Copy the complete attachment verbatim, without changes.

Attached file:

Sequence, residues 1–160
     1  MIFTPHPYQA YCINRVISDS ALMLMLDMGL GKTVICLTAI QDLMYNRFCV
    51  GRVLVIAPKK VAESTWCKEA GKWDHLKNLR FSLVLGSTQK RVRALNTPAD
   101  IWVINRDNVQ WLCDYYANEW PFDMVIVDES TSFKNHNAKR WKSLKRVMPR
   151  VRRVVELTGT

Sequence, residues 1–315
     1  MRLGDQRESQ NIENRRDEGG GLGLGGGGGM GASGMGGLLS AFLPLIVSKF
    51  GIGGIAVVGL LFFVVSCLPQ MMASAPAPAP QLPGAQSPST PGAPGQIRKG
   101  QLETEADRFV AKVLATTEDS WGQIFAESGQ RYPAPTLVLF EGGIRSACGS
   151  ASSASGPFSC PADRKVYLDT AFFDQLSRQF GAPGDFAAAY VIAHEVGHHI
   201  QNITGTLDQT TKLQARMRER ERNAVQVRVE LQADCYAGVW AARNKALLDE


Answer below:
Sequence, residues 1–160
     1  MIFTPHPYQA YCINRVISDS ALMLMLDMGL GKTVICLTAI QDLMYNRFCV
    51  GRVLVIAPKK VAESTWCKEA GKWDHLKNLR FSLVLGSTQK RVRALNTPAD
   101  IWVINRDNVQ WLCDYYANEW PFDMVIVDES TSFKNHNAKR WKSLKRVMPR
   151  VRRVVELTGT

Sequence, residues 1–315
     1  MRLGDQRESQ NIENRRDEGG GLGLGGGGGM GASGMGGLLS AFLPLIVSKF
    51  GIGGIAVVGL LFFVVSCLPQ MMASAPAPAP QLPGAQSPST PGAPGQIRKG
   101  QLETEADRFV AKVLATTEDS WGQIFAESGQ RYPAPTLVLF EGGIRSACGS
   151  ASSASGPFSC PADRKVYLDT AFFDQLSRQF GAPGDFAAAY VIAHEVGHHI
   201  QNITGTLDQT TKLQARMRER ERNAVQVRVE LQADCYAGVW AARNKALLDE